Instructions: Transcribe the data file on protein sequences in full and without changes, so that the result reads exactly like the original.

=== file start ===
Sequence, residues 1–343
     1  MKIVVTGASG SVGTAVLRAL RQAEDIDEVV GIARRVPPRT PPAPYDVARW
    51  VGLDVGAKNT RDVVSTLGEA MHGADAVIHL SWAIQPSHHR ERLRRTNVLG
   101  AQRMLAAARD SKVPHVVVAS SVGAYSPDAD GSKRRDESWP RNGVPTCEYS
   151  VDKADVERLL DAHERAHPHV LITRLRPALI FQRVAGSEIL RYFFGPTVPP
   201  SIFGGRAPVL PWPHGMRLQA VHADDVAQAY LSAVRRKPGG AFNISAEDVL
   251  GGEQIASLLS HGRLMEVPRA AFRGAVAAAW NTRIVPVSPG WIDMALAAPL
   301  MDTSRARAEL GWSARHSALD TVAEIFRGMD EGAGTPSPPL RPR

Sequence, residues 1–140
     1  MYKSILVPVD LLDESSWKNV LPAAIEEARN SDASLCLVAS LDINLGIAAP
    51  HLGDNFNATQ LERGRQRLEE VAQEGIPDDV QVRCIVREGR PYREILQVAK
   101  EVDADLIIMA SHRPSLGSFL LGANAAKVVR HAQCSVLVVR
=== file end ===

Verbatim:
Sequence, residues 1–343
     1  MKIVVTGASG SVGTAVLRAL RQAEDIDEVV GIARRVPPRT PPAPYDVARW
    51  VGLDVGAKNT RDVVSTLGEA MHGADAVIHL SWAIQPSHHR ERLRRTNVLG
   101  AQRMLAAARD SKVPHVVVAS SVGAYSPDAD GSKRRDESWP RNGVPTCEYS
   151  VDKADVERLL DAHERAHPHV LITRLRPALI FQRVAGSEIL RYFFGPTVPP
   201  SIFGGRAPVL PWPHGMRLQA VHADDVAQAY LSAVRRKPGG AFNISAEDVL
   251  GGEQIASLLS HGRLMEVPRA AFRGAVAAAW NTRIVPVSPG WIDMALAAPL
   301  MDTSRARAEL GWSARHSALD TVAEIFRGMD EGAGTPSPPL RPR

Sequence, residues 1–140
     1  MYKSILVPVD LLDESSWKNV LPAAIEEARN SDASLCLVAS LDINLGIAAP
    51  HLGDNFNATQ LERGRQRLEE VAQEGIPDDV QVRCIVREGR PYREILQVAK
   101  EVDADLIIMA SHRPSLGSFL LGANAAKVVR HAQCSVLVVR